“You have brains in your head. You have feet in your shoes. You can steer yourself in any direction you choose. You're on your own, and you know what you know. And you are the guy who'll decide where to go.” — Dr. Seuss
The last time I was asked to read to a class, it was in front of a group of middle schoolers about a year or so ago, and my choice was a chapter from “To Kill A Mockingbird.” It was Harper Lee’s birthday, after all.
The meaning was completely lost, and I completely bombed.
But I learned a valuable lesson that day. The right book makes all the difference in the world.
Don’t get me wrong. I know a literary masterpiece when I see it. I have an English degree, for crying out loud. “To Kill A Mockingbird” would be the perfect reading choice in front of a group of attorneys or Southern literature lovers or a number of groups other than middle schoolers.
It just wasn’t a good choice. Lesson learned.
So when Castle Heights Elementary School librarian Cindy Sharp invited “community celebrities,” along with myself, to Read To Me Day on Wednesday at the school, redemption was the only thing on my mind.
I arrived at the library early to the smell of coffee, warm glazed doughnuts and fresh fruit after signing tardy slips in the office for my oldest two children. It happens sometimes, but according to official school records, we remain far from truant.
Stone greeted me with a smile, and quickly asked about my choice of book. After weeks of pondering, deliberating and coming up with little, all of a sudden it hit me like a ton of…books.
“Can you direct me to the Seuss section?” I asked the librarian.
Yes, Dr. Seuss. But not just any old Seuss book. Horton doesn’t even have the backbone for this reading. The Cat in the Hat…please. Not even the Grinch’s tale of transformation from meanness to big-heartedness would hold a candle to the Seuss tale that came to mind that faithful Wednesday morning.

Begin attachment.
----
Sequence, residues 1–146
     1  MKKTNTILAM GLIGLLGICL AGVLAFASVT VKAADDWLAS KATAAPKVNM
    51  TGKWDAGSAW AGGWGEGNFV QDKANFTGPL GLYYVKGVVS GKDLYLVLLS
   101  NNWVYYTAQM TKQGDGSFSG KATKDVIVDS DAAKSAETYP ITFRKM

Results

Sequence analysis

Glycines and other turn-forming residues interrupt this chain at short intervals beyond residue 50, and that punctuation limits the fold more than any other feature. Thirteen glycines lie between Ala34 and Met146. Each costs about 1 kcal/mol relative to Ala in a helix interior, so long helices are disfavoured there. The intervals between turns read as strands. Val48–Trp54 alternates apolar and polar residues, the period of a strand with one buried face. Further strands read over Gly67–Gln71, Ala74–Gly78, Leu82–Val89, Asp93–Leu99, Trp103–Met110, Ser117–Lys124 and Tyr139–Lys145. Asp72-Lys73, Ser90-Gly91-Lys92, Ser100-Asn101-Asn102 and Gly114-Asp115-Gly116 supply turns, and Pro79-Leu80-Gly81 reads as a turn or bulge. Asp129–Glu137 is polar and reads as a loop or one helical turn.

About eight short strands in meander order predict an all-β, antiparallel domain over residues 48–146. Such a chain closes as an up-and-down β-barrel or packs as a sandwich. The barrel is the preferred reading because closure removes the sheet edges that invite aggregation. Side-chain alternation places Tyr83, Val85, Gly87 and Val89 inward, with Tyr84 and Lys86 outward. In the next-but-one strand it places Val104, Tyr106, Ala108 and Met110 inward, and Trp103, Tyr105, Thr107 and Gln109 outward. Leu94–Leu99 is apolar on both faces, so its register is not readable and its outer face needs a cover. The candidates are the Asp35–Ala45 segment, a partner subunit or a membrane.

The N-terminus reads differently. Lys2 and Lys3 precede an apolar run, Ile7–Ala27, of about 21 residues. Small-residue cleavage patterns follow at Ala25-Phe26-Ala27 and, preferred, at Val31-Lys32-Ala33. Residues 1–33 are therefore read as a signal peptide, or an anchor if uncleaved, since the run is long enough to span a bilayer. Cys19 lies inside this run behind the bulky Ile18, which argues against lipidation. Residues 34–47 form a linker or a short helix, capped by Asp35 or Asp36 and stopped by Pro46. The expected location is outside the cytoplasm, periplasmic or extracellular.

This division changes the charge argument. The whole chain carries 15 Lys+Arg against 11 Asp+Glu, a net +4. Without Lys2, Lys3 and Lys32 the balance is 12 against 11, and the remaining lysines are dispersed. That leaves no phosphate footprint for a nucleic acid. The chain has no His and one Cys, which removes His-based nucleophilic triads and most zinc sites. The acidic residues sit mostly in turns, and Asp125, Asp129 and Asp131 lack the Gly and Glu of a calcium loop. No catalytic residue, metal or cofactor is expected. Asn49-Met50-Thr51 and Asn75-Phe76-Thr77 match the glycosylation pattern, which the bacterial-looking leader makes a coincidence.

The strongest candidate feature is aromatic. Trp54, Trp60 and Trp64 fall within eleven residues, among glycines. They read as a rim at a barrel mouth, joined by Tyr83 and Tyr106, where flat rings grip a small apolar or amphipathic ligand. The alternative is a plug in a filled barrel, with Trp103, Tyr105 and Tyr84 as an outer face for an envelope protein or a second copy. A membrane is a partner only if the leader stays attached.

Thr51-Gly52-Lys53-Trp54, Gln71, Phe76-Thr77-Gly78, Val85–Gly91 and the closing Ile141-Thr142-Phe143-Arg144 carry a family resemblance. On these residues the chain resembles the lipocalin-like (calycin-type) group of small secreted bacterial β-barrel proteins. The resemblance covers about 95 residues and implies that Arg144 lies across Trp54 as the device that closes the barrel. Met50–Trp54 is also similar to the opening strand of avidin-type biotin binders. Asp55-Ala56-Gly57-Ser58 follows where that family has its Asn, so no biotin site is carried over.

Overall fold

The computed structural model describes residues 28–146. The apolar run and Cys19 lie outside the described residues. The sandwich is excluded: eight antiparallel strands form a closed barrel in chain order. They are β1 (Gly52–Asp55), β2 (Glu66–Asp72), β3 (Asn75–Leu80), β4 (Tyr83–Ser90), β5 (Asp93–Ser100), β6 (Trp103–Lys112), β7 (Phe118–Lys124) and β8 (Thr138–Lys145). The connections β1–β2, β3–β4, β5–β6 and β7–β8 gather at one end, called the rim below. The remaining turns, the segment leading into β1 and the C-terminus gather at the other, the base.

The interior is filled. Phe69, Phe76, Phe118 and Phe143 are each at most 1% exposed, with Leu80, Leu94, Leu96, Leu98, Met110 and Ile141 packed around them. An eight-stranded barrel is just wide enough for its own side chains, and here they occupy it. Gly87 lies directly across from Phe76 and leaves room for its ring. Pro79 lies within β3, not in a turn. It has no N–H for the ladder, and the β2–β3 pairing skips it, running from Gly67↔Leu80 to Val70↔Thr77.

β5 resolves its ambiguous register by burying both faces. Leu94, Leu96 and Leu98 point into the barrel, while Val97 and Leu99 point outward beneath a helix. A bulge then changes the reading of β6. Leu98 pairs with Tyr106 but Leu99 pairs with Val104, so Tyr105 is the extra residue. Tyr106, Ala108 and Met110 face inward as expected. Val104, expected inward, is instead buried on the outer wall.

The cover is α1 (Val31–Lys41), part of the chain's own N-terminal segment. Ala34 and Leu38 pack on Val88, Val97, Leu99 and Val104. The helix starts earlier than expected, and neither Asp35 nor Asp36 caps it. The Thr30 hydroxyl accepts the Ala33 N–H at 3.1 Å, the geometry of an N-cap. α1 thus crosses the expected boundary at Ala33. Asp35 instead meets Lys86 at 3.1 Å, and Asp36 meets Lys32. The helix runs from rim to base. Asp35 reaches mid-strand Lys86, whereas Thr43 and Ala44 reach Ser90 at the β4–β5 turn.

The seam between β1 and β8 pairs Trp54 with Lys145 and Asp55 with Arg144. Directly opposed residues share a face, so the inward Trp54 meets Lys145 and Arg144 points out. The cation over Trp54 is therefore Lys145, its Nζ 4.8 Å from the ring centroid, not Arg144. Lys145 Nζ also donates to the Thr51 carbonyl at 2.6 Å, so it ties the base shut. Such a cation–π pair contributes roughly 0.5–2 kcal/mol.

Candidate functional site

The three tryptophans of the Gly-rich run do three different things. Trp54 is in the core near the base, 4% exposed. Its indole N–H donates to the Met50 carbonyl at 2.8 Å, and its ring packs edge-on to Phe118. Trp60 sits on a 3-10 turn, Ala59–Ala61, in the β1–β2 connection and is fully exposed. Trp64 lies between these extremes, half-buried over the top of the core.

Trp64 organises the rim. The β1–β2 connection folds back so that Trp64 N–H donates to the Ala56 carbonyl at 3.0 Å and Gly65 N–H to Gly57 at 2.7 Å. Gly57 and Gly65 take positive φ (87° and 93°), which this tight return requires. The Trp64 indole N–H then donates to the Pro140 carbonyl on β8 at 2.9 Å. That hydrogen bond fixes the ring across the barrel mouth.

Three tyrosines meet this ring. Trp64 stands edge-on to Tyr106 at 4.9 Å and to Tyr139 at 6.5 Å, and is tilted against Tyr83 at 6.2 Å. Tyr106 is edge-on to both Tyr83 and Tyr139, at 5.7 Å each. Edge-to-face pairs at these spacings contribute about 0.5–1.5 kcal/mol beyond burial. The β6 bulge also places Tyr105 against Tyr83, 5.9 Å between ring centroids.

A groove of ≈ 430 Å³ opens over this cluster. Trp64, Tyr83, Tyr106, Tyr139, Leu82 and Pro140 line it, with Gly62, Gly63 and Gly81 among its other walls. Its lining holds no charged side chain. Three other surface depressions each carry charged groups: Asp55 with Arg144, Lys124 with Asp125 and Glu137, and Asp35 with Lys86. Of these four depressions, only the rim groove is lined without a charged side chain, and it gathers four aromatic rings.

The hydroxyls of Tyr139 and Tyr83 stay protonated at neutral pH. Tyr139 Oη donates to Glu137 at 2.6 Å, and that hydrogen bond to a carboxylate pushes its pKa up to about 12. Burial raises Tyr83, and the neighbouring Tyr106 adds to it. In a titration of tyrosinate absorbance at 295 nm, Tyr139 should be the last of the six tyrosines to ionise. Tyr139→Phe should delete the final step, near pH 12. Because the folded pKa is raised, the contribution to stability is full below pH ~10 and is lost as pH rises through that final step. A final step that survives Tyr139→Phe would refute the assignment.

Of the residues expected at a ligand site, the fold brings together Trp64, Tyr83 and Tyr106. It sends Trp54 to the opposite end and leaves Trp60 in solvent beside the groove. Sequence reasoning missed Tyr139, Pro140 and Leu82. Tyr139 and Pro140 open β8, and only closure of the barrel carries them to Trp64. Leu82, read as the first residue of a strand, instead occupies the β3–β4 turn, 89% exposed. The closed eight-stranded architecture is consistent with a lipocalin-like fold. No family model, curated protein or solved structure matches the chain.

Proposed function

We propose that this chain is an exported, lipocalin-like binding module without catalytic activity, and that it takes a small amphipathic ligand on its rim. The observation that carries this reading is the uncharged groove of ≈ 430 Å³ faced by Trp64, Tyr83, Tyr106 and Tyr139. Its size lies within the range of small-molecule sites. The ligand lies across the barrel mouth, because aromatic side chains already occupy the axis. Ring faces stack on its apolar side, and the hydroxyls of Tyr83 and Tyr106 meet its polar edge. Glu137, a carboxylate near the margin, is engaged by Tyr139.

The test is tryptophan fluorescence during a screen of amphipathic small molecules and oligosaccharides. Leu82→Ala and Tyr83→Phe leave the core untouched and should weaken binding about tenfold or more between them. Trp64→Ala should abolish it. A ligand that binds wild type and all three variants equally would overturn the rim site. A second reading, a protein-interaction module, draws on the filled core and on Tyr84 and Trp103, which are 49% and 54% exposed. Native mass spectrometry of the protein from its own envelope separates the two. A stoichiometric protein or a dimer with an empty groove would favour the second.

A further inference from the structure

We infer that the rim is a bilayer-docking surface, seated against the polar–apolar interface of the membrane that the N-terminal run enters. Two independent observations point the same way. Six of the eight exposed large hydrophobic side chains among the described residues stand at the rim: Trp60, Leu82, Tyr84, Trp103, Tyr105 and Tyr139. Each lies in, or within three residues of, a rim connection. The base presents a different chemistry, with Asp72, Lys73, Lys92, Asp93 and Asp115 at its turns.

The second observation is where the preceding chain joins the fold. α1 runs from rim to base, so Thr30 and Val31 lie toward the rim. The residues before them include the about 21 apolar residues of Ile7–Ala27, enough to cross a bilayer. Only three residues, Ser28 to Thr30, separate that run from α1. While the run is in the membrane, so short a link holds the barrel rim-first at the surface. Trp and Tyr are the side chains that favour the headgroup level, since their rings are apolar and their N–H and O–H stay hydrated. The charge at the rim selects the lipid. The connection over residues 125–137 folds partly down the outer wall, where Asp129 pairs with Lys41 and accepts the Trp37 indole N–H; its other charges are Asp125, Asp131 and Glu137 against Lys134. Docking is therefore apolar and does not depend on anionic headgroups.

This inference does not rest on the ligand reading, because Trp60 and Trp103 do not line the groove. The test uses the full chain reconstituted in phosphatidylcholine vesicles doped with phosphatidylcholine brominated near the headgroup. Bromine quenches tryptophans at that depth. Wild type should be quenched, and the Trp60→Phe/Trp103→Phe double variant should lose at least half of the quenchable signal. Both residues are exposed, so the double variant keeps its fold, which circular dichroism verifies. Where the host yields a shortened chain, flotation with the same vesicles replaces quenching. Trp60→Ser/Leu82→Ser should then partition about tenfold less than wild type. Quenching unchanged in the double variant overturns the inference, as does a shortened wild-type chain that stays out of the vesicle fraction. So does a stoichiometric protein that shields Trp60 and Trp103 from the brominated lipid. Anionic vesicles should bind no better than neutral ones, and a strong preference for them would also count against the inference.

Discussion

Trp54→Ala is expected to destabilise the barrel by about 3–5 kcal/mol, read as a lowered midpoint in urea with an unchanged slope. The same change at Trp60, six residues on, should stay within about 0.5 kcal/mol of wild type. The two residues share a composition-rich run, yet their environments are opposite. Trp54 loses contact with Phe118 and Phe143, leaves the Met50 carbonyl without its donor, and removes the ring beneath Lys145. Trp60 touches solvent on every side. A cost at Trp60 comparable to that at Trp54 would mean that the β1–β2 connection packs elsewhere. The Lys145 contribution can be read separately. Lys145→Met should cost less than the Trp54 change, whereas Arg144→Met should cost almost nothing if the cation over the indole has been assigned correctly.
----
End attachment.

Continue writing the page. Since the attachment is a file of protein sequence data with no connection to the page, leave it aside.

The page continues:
After a quick search, my book of choice seemed to jump right off the shelf into my hands. The last time I had read “Oh the Places You’ll Go” was the time I graduated from high school, unfortunately. After celebrating my 37th birthday Monday, I think I will make a new tradition of reading the book every year in celebration. But I digress.
My first stop on the reading trail was my son’s class and his fellow fifth-graders. After a brief introduction, I started reading. Occasionally I was inspired to see all the wide-eyed students staring back at me intently as my voice gained inflection with the arrival of each exclamation point.
I answered questions and was whisked away to my second of two stops on the day, my daughter’s fourth-grade class.
Much the same reception was found as I described my work in newspapers. You see, I was more familiar with having previously spoken to the fifth-graders on my work as an editor in an effort to inspire future readers and writers.
So it was my first meeting with many of the fourth-graders. I was quickly impressed when one student eagerly pointed out my use of a metaphor.
On a side note, I thought metaphor was the name of a Transformer in fourth-grade.
I was equally impressed to find the class sent a collection of handmade thank-you cards home with my daughter. The stack of bright-colored construction paper, heart-shaped notes and Crayola-sponsored words of thanks would brighten even the gloomiest of days.
One note in particular stood out from the crowd as a sentiment I will cherish for days to come. It was from Caty, who said, “I love reading the comments about things in the newspaper and you make it happen.”
Now if that doesn’t give inspiration to reading, I’m not sure anything will.
My hat’s off to Caty and the rest of the students, faculty and administration at Castle Heights Elementary School and all the schools in Lebanon and Wilson County that hold similar events. You really make reading fun-damental.